Also included here is a conversation between Margulies and Newsweekcritic Peter Plagens, in which Margulies reveals some of the methods and motives for his collecting. In an essay about the works on exhibit at the Margulies Warehouse, Plagens probes a little further, discerning in Margulies a penchant for works that are beautiful as well as those that comment on “the human condition.” The writer and curator Klaus Kertess takes us on a private tour of the paintings and sculpture displayed at Margulies’s residence, elucidating the connections among the old and the new, the classic and the cutting edge.
Commentaries by Margulies and his longtime curator, Katherine Hinds, about why and how certain works were added to the collection give insights into the mind, or perhaps the heart, of a collector.
To purchase The Martin Z. Margulies Collection: Painting and Sculpture book please click here $75.00 All proceeds will benefit Lotus House, a shelter for homeless women and children in Miami.
The Collection opens November 10th 2010 to April 30th 2011.
Visiting hours are every Wednesday - Saturday from 11:00a.m. - 4:00p.m.
Extended hours during Art Basel and Art Miami: Tuesday, November 30th through Saturday December 4th 9 am- 4 pm, Sunday December 5th 9 am - 2 pm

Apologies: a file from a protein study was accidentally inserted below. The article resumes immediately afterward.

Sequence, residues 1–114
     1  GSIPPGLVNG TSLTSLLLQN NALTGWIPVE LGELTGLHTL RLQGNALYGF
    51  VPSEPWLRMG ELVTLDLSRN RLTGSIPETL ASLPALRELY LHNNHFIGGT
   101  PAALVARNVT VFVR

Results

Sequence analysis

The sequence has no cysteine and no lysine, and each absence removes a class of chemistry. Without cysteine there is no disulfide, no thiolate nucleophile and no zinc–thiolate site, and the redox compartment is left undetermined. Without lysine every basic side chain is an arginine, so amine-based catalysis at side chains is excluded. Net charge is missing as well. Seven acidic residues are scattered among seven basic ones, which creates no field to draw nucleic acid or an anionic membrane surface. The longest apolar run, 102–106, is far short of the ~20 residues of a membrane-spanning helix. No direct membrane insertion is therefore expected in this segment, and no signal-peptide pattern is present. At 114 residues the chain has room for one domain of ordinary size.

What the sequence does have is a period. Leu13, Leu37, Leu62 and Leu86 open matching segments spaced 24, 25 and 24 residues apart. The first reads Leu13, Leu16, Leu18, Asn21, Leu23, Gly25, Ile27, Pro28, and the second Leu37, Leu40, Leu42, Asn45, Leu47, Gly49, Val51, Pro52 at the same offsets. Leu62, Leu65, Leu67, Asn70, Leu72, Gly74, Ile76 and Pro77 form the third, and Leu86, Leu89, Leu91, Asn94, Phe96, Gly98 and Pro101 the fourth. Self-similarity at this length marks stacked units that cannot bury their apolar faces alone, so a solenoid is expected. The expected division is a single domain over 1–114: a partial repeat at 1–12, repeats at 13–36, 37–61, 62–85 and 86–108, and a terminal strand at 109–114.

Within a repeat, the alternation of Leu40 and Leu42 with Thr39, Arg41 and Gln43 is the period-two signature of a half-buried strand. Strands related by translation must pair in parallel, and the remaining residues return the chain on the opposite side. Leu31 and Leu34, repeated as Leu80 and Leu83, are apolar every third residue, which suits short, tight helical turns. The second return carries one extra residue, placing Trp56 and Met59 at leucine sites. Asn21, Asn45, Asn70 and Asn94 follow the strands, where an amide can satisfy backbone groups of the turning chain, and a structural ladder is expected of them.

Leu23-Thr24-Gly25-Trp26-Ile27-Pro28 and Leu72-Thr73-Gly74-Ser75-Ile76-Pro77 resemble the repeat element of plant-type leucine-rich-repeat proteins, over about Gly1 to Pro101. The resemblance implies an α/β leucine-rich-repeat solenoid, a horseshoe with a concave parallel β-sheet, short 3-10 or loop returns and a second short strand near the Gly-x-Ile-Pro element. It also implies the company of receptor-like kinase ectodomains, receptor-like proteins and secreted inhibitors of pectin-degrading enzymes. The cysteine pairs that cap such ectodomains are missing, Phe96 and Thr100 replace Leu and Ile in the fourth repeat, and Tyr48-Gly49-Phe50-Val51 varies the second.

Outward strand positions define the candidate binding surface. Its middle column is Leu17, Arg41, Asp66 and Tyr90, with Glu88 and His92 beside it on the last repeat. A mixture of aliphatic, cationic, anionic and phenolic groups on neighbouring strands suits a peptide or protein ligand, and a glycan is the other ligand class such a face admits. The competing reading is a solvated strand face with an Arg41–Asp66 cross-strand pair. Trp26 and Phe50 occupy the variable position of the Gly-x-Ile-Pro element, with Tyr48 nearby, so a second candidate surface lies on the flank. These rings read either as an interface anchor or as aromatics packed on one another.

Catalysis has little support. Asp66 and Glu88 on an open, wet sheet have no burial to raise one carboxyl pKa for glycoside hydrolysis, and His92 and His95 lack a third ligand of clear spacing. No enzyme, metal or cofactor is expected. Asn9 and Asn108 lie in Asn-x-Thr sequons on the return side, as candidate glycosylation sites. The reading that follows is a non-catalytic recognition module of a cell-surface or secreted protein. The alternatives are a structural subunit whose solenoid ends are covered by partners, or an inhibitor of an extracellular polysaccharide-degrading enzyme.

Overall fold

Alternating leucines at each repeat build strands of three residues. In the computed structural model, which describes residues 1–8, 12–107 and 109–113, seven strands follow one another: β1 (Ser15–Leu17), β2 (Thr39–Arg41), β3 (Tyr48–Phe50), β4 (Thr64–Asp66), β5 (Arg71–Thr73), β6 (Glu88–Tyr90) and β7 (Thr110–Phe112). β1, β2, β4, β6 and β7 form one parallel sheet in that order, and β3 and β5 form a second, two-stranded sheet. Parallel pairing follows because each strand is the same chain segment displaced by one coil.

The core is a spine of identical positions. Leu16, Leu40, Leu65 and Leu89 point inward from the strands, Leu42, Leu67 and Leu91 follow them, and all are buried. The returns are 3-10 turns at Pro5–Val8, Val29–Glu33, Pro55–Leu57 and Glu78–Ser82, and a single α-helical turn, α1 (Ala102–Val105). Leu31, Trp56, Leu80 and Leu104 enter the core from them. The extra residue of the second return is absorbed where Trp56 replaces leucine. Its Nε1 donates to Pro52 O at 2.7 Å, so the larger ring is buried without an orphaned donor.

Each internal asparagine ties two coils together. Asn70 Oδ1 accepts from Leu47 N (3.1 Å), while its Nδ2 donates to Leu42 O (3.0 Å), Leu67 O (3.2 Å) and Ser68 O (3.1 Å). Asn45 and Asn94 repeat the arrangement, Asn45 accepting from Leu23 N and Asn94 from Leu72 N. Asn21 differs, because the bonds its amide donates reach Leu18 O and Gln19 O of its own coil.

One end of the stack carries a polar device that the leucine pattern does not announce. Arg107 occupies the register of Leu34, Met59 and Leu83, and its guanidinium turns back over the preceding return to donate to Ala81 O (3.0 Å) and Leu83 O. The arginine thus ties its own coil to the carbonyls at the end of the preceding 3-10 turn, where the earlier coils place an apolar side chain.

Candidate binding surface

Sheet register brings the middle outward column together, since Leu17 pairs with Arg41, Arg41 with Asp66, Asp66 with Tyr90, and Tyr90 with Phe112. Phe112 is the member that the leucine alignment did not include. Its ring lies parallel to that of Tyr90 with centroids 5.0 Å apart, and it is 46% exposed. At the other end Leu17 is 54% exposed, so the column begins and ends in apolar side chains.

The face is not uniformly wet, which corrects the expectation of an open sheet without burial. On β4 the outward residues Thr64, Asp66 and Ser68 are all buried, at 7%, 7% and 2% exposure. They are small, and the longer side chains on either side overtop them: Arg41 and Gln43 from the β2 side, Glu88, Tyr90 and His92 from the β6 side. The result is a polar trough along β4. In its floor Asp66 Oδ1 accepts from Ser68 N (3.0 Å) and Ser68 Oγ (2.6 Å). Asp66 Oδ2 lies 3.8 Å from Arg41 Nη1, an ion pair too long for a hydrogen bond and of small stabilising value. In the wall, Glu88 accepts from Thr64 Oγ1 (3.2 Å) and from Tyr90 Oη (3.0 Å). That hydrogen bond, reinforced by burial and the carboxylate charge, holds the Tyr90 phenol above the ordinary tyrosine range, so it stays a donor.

TYLER ROLLINS FINE ART WILL BE PARTICIPATING IN TWO ART FAIRS IN MIAMI
NOVEMBER 30 – DECEMBER 5, 2010
Please visit us at our booth at ART MIAMI where we will feature some of the most prominent contemporary artists from Southeast Asia, all represented by the gallery: Agus Suwage of Indonesia, Manuel Ocampo and Ronald Ventura of the Philippines, and Pinaree Sanpitak of Thailand, as well as Tracey Moffatt of Australia.
Art Miami Pavilion – Midtown District in Wynwood
Midtown Boulevard (NE 1st Avenue), between NE 31st and NE 32nd Streets
VIP PREVIEW (Tuesday, Nov. 30):
Lotus House Benefit: 5:30 – 7pm ($25 donation at the door)
Access for Art Miami VIP Cardholders and Press: 7 – 10:30pm
Wednesday, Dec. 1 – Saturday, Dec. 4: 11am – 7pm
Sunday, Dec. 5: 11am – 6pm
For ART ASIA we will present a special solo project by Thai artist Jakkai Siributr, one of Southeast Asia’s leading contemporary artists working primarily in the textile medium. He will be present in the booth, constructing an installation based on the Buddhist concept of karma. The installation will be interactive, drawing the viewer in to participate in a game of karmic chance, highlighting the sometimes seemingly random nature of good and bad fortune and the ways people try to influence or gain good karma in today’s hyper-materialistic society. In addition, the booth will feature a number of Siributr’s striking textile works, which make a powerful commentary on the state of Buddhism in contemporary Thailand.
ART ASIA Miami Pavilion – Midtown
2901 North Miami Avenue
(entrance located on Midtown Boulevard)
Tuesday, Nov. 30: 3 – 9pm
(invitation only, complimentary admission with VIP card or Press Badge)
Wednesday, Dec. 1: 11am – 6pm
Thursday, Dec. 2 – Saturday, Dec. 4: 11am – 7pm
Sunday, Dec. 5: 11am – 6pm